Murdoch: I'll sue the BBC

Media mogul threatens lawsuit against Beeb for "stealing" his papers' stories

Rupert Murdoch may have indicated that News Corporation could miss its target of charging for all its news websites by next summer, but in his latest interview he steps up his war on the "content kleptomaniacs" of the internet.

As well as raising the possibility that he could block Google from including his newspapers' stories in its search index, the media mogul signals that he has the online news provided by ABC and the BBC in his sights:

[If] you look at them, most of their stuff is stolen from the newspapers now, and we'll be suing them for copyright. They'll have to spend a lot more money on a lot more reporters to cover the world when they can't steal from newspapers.

The removal of stories from Google and other web "parasites" would lead to a dramatic fall in traffic but it's hard to imagine Murdoch losing much sleep over this. The advertising revenue that follows web users is too paltry to be worthy of his attention.

His plan to charge for digital content is in many ways designed not to make online news profitable but to push people back to print.

As his biographer Michael Wolff has written: "The more he can choke off the internet as a free news medium, the more publishers he can get to join him, the more people he can bring back to his papers. It is not a war he can win in the long term, but a little Murdoch rearguard action might get him to his own retirement. Then it's somebody else's problem."

I'm convinced that James Murdoch, the heir apparent to the News Corp empire, will veto his father's more outlandish proposals regarding Google, but otherwise the company's strategy appears fixed.

At 78 years old, Murdoch is gearing up for one of the biggest battles of his life. He will not go gentle into that good night.

George Eaton is political editor of the New Statesman.

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Germany's political stability could be threatened by automation

The country's resistance to populism may be tested by changes to its manufacturing industry.

Germans head to the polls this Sunday 24 September. With Merkel set to win a fourth term as Chancellor, it has been dubbed a "sleepy" election – particularly compared to the Dutch and French campaigns a few months ago. Populism, while present, has not taken off to the same extent as in Germany’s neighbouring countries.

In a new Legatum Institute report co-authored with Matthew Elliott, we explore in detail why this is the case, evaluating the historical and economic circumstances as well as social, cultural and political attitudes. In short, support for both the populist Left Party (Die Linke/DL) and for the populist right Alternative for Germany (AfD) has so far been concentrated in former East Germany. At the national level, it has therefore been hard for either party to win more than around 10 per cent of the vote.

However, a longer term trend that might disrupt German politics in future election cycles is automation. With manufacturing making up a large proportion of the German economy, a significant amount of jobs are set to shift between occupational groups. According to the OECD, the portion of jobs at high risk of automation in Germany – 12 per cent – is one of the highest among countries measured.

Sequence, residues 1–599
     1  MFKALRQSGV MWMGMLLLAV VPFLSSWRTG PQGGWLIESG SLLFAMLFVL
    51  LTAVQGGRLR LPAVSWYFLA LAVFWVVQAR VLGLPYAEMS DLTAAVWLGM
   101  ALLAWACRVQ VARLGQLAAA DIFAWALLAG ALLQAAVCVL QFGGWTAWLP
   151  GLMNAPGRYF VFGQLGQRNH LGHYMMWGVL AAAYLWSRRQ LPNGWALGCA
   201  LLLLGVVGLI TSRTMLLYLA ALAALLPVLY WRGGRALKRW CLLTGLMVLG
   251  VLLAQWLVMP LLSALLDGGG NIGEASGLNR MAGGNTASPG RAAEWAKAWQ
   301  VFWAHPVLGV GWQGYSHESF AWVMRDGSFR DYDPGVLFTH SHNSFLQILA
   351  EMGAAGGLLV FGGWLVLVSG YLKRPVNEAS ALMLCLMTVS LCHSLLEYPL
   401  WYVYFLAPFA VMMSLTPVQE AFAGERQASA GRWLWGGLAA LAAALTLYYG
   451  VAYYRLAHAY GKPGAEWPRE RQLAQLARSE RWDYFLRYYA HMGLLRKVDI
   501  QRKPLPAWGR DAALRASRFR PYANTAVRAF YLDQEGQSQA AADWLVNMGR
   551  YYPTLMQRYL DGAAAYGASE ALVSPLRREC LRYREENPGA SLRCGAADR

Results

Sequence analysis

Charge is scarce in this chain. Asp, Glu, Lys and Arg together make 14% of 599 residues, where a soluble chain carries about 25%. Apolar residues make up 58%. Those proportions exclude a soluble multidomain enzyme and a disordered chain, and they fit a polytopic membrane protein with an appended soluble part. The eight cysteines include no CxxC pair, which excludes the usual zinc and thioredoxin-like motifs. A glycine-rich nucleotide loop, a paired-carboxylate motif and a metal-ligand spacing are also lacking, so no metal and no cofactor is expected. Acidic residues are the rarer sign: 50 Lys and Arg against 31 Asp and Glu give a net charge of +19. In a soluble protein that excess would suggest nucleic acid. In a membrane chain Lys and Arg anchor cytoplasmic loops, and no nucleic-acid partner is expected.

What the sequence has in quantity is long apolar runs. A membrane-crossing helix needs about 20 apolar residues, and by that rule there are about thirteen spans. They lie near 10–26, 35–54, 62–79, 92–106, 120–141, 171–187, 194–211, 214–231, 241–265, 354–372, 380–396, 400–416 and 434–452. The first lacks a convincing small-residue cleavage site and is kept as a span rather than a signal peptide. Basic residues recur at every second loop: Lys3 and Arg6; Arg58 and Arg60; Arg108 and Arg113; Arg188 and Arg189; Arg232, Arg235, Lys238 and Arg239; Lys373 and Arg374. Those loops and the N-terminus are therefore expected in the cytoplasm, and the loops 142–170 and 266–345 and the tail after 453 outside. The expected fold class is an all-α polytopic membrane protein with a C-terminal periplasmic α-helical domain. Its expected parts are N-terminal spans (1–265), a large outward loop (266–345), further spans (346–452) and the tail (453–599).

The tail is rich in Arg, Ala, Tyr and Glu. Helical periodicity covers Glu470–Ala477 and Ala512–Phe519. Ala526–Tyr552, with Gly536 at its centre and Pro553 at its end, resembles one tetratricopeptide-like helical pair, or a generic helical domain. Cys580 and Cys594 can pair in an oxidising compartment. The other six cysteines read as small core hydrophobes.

While the elimination of some jobs and occupations does not necessarily mean net job losses – on the contrary, BCG estimates a net increase of 350,000 jobs by 2025 – it does mean upheaval, both in the job market and in the political sphere.

On the job market front, Germany has a shrinking pool of skilled labour. The Association of German Chambers of Commerce and Industry (DIHK) consider this poses the biggest risk to their businesses. The government is acutely aware of the issue – its August 2017 progress report projects 700,000 fewer skilled workers in 2030 than in 2014. Moreover, with an ageing population, the demographics are currently not in Germany’s favour.

Resolving this issue will require big and difficult political changes. On the one hand, it means that more immigration, particularly of young skilled workers, will likely be necessary. Given the backlash to Merkel’s "welcome" policy at the height of the refugee crisis, an anti-immigration sentiment was stirred which was dormant before.

On the other hand, while new jobs will be available, this does not necessarily mean that from one day to another that those working, for example, in manufacturing, will be keen to move into the service industry or another occupation altogether. Nor does it mean they will want to, or even perhaps be capable of, reskilling to carry out new digital roles.

In the UK and the US, we recently witnessed how these labour market changes were one of the big factors associated with support for the protectionist and anti-immigration rhetoric of the Leave campaign for Brexit and Donald Trump for president.

In Germany, the regions most exposed to the effects of automation are in the industrial south and west – parts of the country so far spared from the worst of populism. The potential for populist support to expand at the national level should therefore worry observers. To its credit, the current government has already been thinking about it, as evidenced in the Work 4.0 White Paper.

However, policy choices in the next few years will be crucial for mitigating the future labour market and political shockwaves of automation. If politicians choose to merkeln (do nothing) on the issue, the populist backlash might hit Germany, too.

Claudia Chwalisz is a consultant at Populus and a fellow at the Crick Centre, University of Sheffield. She is the author of The People’s Verdict: Adding Informed Citizen Voices to Public Decision-making (2017) and The Populist Signal: Why Politics and Democracy Need to Change (2015). Her guide to the German election authored with Matthew Elliott can be downloaded here